For Hindu DJ Nerm, the swastika is a symbol of goodwill. Can he reclaim it from its indelible Nazi connotations - and how do people react to his swastika tattoo?
The swastika is perhaps the most vilified symbol in the world. It conjures up images of Nazi death camps and neo-fascists, and strikes fear into the hearts of those who "don't belong" - Blacks, Asians and anyone foreign.
And me? I have a swastika symbol tattooed on the inside of my lip. And I'm Asian. How could I do that?
I'm of Indian origin and in my culture the swastika is a symbol of peace and goodwill. I only found out about Hitler's appropriation of it when I studied history at school. I was astounded.
While DJing on tour in Los Angeles in 2000, I decided I would reclaim the swastika for my culture with a tattoo on the inside of my lip. The tattooist was taken aback that I would want a "Nazi logo" on my body until I explained its true meaning.
But the tattoo has faded over time. To get it redone, I visit Naresh, a tattoo artist in Kentish Town. He is mixed race with an Indian parent, and knows the symbol well, having tattooed several Indian swastikas in his time.
When people see my retouched tattoo - even good friends - they reel. I find myself repeatedly explaining what the swastika means to me and my cultural heritage, and that the symbol had been one of peace and positivity for thousands of years before Hitler stole it.
But ultimately this symbol means too much to too many.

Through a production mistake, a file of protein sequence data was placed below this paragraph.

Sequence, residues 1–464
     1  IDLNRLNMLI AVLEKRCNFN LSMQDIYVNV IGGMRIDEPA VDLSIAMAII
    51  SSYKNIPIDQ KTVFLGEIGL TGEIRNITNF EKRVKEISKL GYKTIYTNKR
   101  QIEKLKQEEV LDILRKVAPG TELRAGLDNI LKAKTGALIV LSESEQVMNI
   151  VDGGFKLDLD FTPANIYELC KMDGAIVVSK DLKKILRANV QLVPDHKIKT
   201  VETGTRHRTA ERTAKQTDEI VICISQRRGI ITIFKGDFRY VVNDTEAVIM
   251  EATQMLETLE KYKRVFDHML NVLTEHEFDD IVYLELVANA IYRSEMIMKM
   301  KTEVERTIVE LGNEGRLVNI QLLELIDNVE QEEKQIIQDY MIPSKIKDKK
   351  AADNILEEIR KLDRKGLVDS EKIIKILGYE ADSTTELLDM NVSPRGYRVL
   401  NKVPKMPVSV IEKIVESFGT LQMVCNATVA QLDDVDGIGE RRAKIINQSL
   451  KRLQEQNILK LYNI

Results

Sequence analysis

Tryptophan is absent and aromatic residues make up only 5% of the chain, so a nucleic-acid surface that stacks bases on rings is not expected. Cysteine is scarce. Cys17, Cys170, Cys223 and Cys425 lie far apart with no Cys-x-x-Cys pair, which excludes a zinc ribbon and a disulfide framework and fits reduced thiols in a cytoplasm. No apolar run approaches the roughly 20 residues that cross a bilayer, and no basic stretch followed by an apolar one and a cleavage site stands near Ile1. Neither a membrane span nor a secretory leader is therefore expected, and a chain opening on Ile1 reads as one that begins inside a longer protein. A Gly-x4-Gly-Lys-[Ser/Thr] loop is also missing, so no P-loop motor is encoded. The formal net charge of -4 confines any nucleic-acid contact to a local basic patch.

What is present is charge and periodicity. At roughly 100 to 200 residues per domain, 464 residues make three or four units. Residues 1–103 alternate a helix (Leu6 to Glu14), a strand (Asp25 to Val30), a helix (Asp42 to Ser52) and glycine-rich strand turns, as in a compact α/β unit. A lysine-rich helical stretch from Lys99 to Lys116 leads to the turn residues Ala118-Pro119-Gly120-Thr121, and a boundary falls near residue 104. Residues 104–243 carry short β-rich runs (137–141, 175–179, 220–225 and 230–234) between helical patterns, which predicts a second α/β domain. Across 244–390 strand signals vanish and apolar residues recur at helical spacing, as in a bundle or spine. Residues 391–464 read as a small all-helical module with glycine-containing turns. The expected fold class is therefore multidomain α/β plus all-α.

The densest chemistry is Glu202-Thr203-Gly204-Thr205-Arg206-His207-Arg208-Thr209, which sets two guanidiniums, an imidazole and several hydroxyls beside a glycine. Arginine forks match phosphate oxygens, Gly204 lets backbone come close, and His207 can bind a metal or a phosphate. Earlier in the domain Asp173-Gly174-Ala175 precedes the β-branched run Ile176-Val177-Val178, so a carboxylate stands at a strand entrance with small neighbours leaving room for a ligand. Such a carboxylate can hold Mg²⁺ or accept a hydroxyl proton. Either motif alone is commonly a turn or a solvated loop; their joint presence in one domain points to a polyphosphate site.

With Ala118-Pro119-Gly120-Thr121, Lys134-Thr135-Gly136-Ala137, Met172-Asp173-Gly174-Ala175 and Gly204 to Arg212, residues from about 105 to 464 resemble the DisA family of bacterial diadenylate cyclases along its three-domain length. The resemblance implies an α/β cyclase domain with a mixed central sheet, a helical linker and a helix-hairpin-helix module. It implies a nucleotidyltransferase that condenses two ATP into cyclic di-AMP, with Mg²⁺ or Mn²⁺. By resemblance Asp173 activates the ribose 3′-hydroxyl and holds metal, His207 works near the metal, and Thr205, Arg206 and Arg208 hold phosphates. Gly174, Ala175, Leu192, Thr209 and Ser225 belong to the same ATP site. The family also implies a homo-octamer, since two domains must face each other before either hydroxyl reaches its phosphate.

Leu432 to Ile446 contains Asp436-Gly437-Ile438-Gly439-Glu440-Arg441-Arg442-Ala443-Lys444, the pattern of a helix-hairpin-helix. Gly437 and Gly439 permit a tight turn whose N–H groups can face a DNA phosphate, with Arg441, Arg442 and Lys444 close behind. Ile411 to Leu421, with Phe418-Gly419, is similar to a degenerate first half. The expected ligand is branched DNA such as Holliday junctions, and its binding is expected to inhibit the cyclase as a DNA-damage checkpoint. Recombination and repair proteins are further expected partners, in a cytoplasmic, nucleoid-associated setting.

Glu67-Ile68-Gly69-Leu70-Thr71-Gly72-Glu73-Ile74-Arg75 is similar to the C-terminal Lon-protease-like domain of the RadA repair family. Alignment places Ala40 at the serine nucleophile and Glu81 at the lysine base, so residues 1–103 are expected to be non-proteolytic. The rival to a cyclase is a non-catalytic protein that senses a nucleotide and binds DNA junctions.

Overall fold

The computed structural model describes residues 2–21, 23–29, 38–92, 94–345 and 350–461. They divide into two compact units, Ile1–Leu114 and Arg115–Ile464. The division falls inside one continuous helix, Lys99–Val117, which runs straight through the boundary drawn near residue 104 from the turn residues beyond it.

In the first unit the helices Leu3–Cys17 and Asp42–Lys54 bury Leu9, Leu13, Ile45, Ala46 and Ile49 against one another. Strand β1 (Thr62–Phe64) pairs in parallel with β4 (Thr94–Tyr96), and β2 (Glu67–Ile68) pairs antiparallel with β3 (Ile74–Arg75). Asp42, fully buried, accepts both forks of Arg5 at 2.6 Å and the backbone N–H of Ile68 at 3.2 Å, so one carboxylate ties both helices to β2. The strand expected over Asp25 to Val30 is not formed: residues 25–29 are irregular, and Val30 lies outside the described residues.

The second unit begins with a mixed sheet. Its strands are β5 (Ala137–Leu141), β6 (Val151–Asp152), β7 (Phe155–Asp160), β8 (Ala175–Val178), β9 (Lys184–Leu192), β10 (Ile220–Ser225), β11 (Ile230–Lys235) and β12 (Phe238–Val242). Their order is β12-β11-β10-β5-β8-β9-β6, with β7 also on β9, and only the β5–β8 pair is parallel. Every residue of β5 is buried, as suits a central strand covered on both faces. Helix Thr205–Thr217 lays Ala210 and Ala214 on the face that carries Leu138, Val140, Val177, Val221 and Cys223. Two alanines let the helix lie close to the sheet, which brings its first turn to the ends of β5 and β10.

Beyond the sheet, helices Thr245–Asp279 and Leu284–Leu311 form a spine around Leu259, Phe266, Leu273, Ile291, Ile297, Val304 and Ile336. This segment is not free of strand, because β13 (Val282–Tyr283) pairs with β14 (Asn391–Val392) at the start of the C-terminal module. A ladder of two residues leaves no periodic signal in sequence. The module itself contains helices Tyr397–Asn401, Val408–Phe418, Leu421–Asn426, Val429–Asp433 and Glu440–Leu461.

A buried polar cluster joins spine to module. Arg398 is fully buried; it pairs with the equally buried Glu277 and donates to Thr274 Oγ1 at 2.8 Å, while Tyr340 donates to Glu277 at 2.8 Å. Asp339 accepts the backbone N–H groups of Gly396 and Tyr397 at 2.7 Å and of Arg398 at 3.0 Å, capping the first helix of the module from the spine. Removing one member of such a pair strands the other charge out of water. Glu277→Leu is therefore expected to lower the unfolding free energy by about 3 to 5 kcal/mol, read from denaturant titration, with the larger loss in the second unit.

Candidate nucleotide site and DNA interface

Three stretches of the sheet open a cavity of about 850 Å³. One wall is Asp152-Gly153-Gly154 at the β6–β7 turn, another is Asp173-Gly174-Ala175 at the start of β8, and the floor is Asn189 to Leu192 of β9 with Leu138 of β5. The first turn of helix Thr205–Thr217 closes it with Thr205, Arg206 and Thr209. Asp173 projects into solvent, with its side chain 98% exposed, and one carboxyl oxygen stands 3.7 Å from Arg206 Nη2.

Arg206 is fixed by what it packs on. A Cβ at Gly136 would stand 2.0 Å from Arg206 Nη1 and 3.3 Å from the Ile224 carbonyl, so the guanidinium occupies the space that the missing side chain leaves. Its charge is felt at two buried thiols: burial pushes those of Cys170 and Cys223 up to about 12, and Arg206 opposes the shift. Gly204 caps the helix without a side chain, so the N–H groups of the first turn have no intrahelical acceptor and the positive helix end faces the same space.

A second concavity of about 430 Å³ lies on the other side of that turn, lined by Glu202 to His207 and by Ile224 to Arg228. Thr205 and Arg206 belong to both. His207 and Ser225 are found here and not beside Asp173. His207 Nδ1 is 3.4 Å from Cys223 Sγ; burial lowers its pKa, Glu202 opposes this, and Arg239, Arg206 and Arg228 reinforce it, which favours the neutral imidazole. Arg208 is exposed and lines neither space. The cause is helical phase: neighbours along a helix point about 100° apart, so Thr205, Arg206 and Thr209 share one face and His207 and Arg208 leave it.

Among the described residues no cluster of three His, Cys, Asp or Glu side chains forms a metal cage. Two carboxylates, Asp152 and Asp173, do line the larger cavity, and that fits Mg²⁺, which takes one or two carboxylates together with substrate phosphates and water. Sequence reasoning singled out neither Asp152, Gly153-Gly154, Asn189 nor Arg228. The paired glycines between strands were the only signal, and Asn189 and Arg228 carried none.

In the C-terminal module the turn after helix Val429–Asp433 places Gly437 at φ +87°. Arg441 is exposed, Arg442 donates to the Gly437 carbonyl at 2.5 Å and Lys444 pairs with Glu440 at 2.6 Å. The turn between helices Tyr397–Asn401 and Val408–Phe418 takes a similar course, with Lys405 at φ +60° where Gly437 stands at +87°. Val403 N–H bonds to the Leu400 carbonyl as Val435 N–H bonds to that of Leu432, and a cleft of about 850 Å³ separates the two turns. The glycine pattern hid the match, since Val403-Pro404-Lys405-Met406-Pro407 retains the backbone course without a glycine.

Lord Greville Janner, a war crimes investigator after World War II, has seen first-hand the swastika used in the name of evil and destruction. Although he knows the Eastern meaning, he still cannot bear to see the sign - it reminds him of the crimes committed by the Nazis, and the fact that most of his family died in death camps.
"I've seen the swastika [in India] in its original form, and I don't like it. I understand the Indians using it, but I don't like it."
The musician and world beatbox champion Beardyman is Jewish and unaware of the swastika's peaceful origins. But he thinks there is hope for its rehabilitation.
"Symbols in themselves mean nothing, it's what they represent. A word can have two meanings, as can symbols.
"I wouldn't be surprised if you came up against some people of my grandparents' generations who are still directly affected by it who say that they never want to see the symbol again, but that could die with their generation. It might just be a matter of time. But it could be too early."
More worrying, perhaps, is the continued misuse of the swastika as a symbol of hate. Weyman Bennett, of the anti-Fascist movement Unite, has witnessed racist attacks carried out under the swastika.
"The swastika has been hijacked. To take it back means unwinding history. Over every death camp in Europe flew a swastika. Over every assault in the 1970s, they used a swastika.
"I still think that the swastika stands for hate at the moment, not its historical meanings. But we should have hope."
Maybe one day I will be able to proudly display a swastika. Until that day, I'll keep it close to my heart. Or at least my teeth.